Step 4: Take a pint-size Ziploc bag and open it up as wide as can be. Pick up the paper towel with the seeds by placing it on the open palm facing up. Carefully place the towel with the seeds inside the Ziploc by sliding your hand and towel together into the open Ziploc. Pinch the bag on the end of the towel to keep the towel in the bag and slide your hand slowly and carefully out of the bag. Press down on the bag to remove air and give the seeds good contact with the moist towel. 

Step 5: Close up the bag and place it seed side down on a soft surface such as a bath towel. Set the seed pack on top of the bag as a marker of what plants the seeds will grow. Put a light weight on top of the seed pack and the Ziploc bag to keep the seed contact. A magazine would be perfect. The temperature for good seed sprouting is a range between 70 and 80 degrees Fahrenheit. Too hot or too cold will slow the sprouting time.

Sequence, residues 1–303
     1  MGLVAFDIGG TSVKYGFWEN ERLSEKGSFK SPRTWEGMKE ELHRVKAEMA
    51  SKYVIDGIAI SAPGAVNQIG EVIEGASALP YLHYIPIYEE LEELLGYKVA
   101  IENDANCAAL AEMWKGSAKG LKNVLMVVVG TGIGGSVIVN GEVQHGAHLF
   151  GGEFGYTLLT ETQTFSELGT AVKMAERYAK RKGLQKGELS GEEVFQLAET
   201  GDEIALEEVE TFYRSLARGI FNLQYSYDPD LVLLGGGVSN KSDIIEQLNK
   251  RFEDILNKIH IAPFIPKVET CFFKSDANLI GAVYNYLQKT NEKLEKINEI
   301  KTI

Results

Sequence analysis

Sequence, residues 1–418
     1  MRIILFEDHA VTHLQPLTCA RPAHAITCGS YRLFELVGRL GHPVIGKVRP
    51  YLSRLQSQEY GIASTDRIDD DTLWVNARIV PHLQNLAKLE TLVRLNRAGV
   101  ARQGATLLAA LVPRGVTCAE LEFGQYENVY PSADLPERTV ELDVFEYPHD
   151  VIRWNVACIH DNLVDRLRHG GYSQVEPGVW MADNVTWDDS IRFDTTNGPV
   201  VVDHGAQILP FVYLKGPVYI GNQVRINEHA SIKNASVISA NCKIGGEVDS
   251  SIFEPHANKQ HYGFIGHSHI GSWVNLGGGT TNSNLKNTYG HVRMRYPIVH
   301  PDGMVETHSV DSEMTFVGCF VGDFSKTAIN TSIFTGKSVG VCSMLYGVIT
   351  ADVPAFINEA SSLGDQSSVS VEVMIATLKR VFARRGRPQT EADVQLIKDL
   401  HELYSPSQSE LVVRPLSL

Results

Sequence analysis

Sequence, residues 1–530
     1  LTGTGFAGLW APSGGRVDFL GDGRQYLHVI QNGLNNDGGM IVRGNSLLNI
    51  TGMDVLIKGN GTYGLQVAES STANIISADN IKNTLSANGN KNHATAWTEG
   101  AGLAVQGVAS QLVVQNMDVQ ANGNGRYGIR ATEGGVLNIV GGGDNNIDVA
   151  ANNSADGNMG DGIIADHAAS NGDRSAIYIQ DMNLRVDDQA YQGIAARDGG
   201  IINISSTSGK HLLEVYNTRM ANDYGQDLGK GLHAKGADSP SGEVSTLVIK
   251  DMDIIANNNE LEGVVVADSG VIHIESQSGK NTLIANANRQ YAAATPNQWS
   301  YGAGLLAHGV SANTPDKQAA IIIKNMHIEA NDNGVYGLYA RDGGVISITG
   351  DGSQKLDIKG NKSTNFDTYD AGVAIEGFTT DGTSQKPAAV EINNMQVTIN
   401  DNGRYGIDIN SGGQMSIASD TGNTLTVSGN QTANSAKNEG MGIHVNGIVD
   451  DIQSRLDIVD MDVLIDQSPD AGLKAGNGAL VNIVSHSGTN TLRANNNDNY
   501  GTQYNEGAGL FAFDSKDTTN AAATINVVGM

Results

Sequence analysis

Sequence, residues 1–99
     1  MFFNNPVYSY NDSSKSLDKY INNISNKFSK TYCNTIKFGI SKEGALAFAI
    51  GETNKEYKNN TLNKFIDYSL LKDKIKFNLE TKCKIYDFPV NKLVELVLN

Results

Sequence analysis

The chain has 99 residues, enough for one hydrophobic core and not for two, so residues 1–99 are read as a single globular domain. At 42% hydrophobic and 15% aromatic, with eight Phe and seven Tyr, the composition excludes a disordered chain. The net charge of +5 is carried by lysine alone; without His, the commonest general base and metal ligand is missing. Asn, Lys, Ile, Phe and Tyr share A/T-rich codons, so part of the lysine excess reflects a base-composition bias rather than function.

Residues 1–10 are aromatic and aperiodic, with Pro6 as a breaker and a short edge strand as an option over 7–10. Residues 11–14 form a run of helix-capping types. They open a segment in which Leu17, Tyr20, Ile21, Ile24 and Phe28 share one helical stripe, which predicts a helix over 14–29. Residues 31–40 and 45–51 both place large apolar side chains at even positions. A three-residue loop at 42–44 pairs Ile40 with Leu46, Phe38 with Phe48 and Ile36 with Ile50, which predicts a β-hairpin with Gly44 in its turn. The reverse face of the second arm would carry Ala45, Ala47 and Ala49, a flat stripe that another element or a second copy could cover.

Step 6: In five days the seeds will be sprouted and ready to plant. The seed that haven't sprouted will not be planted. This is how 100% plant growth can be produced. It's time to carefully remove the towel by opening the Ziploc wide and carefully sliding out the towel. Take a seed cell planting tray and fill it with a quality potting mix.  Use a pencil to poke a hole about an inch deep in to middle of one of the cells.  Carefully, take one of the sprouted seeds between your thumb and fore finger and direct the seed root that has been sprouted into the pencil hole. The pencil eraser side can be used  to move the sprout root down the hole until the actual seed is just below the surface the the cell. Gently cover the sprout and seed with potting mix to a depth of the width of the seed. Very little mix needs to be over the sprout. Use a spray bottle to lightly wet down the surface of the seed cell. Continue to spray and keep the potting mix moist but not wet.